That Daisy Fiascoby Dhruv Somani July 24 2022, 12:00 am Estimated Reading Time: 6 mins, 14 secs
Film historian Dhruv Somani flashbacks to the furore, which erupted over Sharmila Tagore’s Malayalam film (1979). Dubbed in Hindi as Daisy, it was suspected to have incorporated objectionable scenes.
Some films are purposely made to draw attention, screaming controversy from day one, while some films raise a hurly-burly inadvertently. It all depends on the pattern of announcements and publicity.
A film by Sashilal Nair, Ek Chhotisi Love Story (2002), inspired by the Polish film A Short Film About Love by the eminent director Krzysztof Kieslowski, was announced with Manisha Koirala and Aditya Seal. However, it was publicised as an adult film, because of sexually explicit scenes shot on a body double. Manisha Koirala tried to argue for a ban on the film but lost the case. There have been many such instances in the past: the leading actor or actress has regretted being a part of a project, which sought to exploit them. One such incident circa the 1980s was the Daisy controversy.
When the first announcement appeared in the trade guides and the Screen Weekly about Sharmila Tagore appearing in a Malayalam film, Bollywood was surprised. Those days it was believed that only stars whose careers were on a downward slope would look South to keep their careers alive.
The critics were more tolerant in those days and more so for Sharmila Tagore because she was blunt enough to openly admit that her career was not what it used to be. She was a top star of her era but even the most in-demand stars face a career slump. She was interested in working after she had become a mother to three kids and was in search of meaningful roles.
The film Chuvanna Chirakukal (1979), directed by N.Sankaran Nair, was construed to be a meaningful one since La Tagore was participating in it. She seemed to be charged up and gave the producers instant dates for the film planned as a start-to-finish schedule.
It was when the first advertisements appeared that hell broke loose. The name of the film appeared as Daisy with the tagline ‘Her Pitiless Nights’. The posters showed Sharmila Tagore somewhat reminiscent of the infamous poster of Chetna (1970) starring Rehana Sultan.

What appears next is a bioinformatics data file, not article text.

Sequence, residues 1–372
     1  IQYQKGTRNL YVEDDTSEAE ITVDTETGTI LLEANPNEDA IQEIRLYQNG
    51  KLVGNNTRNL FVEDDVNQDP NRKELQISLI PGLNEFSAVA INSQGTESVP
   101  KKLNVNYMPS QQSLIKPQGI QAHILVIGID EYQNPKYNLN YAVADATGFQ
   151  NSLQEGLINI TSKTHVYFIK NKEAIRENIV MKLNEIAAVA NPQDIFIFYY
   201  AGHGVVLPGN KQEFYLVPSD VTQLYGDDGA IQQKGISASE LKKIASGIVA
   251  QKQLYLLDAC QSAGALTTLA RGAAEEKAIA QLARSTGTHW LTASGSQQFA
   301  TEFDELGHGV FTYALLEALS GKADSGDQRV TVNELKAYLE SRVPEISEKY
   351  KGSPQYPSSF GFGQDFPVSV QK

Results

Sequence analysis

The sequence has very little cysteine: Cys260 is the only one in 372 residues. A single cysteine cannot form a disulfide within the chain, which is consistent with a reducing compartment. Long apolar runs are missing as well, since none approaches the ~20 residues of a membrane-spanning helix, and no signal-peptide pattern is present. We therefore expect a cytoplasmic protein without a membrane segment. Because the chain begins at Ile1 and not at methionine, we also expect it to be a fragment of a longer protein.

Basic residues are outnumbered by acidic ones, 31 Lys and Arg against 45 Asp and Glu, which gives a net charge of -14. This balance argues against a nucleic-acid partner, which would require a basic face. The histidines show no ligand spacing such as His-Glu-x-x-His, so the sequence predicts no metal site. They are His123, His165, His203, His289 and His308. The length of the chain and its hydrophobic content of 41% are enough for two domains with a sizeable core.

The film, after flopping majorly in the South, Chuvanna Chirukukal, meaning Red Wings, was soon on its way to Bombay. The filmmakers wanted to dub it in Hindi to cash in on the image and credibility of their leading star who was highly respected in Bollywood. Sharmila was criticized mercilessly.
One of Sharmila’s most ardent rivals commented, “We all know Rinku was keen to continue working in the films, but there should be a limit on how far to go.” What had made her sign this film? Has the money been too much of a temptation? Or was this a way of shocking her fans or staying in the news?
Sharmila Tagore was brave enough to come in the open and clear the air about the fiasco. “I was taken for a ride,” stated the graceful star, adding, “The producer was introduced to me by Basu Bhattacharya and Salil Chowdhary. I have always had full faith in Basuda and Salilda, so there was no sign of any hanky panky. It was a strong role drawn from the American TV series, 79 Park Avenue (1977), based on a novel by Harold Robbins. Even though they were not paying much I was keen to do the film as it was a good role and there were other stars like Jayan, Jayabharathi, M.G. Soman and Sukumari.”